UN agency deplores violence in Syrian refugee camp that killed seven Palestinians

UNRWA Commissioner-General visit to Syria in June 2013 to see first-hand the impact of conflict and displacement on Palestine refugees. Photo: UNRWA

14 October 2013 – The United Nations agency tasked with assisting Palestinian refugees today called on all parties in Syria to stop the violence in refugee camps and other civilian areas, following violence near the Dera’a camp which killed seven Palestinians. “Reports from Dera’a of the further loss of Palestinian lives are deeply distressing,” said Michael Kingsley-Nyinah, the Director of UN Relief and Works Agency (UNRWA) in Syria.

“UNRWA repeats its calls on all parties to desist from conducting armed conflict in Palestine refugee camps and other civilian areas and to comply with their obligations under international humanitarian law.”

Initial reports indicate that on Saturday, the Dera’a Palestine refugee camp was directly affected by intensive armed conflict, killing seven refugees and injuring 15 others. As a result of the fighting, UNRWA’s Primary Health Care Centre and Women’s Programme Centre sustained heavy damage.

The Dera’a Health Centre was reconstructed and fully re-equipped with donor funds in June 2008. Prior to the conflict, the centre offered a wide range of health services to over 25,000 Palestine refugees residing in Dera’a camp and the surrounding areas. The outbreak of war in 2011 caused many refugees to seek safety outside the camp and for many months had prevented the health centre from functioning normally, UNRWA said in a news release.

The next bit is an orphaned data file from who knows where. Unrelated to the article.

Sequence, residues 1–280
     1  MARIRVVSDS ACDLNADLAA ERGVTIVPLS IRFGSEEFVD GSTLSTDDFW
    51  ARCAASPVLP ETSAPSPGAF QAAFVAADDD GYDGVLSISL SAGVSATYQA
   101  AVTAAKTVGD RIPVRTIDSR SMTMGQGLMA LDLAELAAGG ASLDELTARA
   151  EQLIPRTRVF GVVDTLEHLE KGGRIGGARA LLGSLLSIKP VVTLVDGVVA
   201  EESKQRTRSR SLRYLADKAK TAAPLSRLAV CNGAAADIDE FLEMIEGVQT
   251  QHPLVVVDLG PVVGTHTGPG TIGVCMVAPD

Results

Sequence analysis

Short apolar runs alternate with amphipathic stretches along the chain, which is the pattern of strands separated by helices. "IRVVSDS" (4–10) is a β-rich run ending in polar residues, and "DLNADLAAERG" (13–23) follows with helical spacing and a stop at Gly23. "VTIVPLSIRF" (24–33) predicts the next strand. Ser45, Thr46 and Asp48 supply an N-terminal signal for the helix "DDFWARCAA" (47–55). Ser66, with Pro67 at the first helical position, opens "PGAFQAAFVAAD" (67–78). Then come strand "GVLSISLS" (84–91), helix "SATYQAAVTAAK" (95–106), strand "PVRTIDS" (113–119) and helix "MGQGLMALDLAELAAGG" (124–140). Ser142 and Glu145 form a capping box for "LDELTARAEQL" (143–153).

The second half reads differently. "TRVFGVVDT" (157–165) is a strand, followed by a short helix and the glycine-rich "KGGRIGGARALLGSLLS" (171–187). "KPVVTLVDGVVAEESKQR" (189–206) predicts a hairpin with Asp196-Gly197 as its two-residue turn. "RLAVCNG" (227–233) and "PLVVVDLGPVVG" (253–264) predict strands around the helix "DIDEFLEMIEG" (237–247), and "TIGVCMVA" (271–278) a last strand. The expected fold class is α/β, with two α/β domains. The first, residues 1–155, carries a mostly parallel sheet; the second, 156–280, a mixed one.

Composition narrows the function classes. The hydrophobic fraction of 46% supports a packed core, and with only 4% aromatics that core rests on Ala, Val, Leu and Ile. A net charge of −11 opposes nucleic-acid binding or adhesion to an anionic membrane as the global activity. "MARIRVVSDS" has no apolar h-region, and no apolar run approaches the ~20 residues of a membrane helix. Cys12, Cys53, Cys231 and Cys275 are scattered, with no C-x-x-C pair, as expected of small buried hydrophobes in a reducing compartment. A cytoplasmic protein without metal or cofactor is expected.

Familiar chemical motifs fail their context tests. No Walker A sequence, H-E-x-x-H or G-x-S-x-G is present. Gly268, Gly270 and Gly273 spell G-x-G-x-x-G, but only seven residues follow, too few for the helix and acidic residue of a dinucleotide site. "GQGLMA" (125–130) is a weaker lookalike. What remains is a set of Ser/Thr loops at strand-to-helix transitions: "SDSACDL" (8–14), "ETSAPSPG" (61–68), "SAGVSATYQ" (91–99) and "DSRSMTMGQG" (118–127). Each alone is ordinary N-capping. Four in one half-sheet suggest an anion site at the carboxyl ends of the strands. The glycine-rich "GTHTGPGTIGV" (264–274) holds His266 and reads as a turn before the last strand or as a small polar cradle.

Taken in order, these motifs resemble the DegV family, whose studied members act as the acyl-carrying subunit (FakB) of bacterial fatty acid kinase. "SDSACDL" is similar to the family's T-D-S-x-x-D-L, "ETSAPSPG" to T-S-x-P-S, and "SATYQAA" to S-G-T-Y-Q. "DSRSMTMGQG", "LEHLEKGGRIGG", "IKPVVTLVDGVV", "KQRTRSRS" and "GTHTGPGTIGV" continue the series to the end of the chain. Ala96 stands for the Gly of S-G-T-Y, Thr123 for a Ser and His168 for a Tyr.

The agency appealed to all sides and to the international community “to urgently resolve the Syria conflict through a peaceful process of mediation and dialogue,” adding that the conflict is aggravating the already severe human suffering endured by Syrians and Palestinians alike.

Despite extreme challenges, UNRWA continues to support some 420,000 Palestine refugees in Syria with health care, primary education, cash transfers, food assistance, psycho-social support access to micro-finance and other humanitarian services.

More than 100,000 people, mostly civilians, have died since the uprising against President Bashar Al-Assad’s Government began in March 2011. More than 2 million people have fled the country and 4.5 million have been internally displaced.

The international community is still seeking a political solution to end the conflict. Today, the Joint Special Representative for the UN and the Arab League, Lakdhar Brahimi, met with United States Secretary of State John Kerry in London, and reiterated the urgency of convening the so called “Geneva II” conference which would bring all parties to the negotiating table.

“We agree 100 per cent that there is no military solution in Syria. There can be, there will be a political solution if everybody gets together and works for it,” Mr. Brahimi said, adding that he would visit the region soon to consult with Syrians on how they can contribute to the conference to make it a success.

Mr. Kerry said the US, along with Russia, remains committed to trying to set a date for the Conference very soon, and ensuring it is inclusive so it can lead to lasting peace and stability to Syria and the region.


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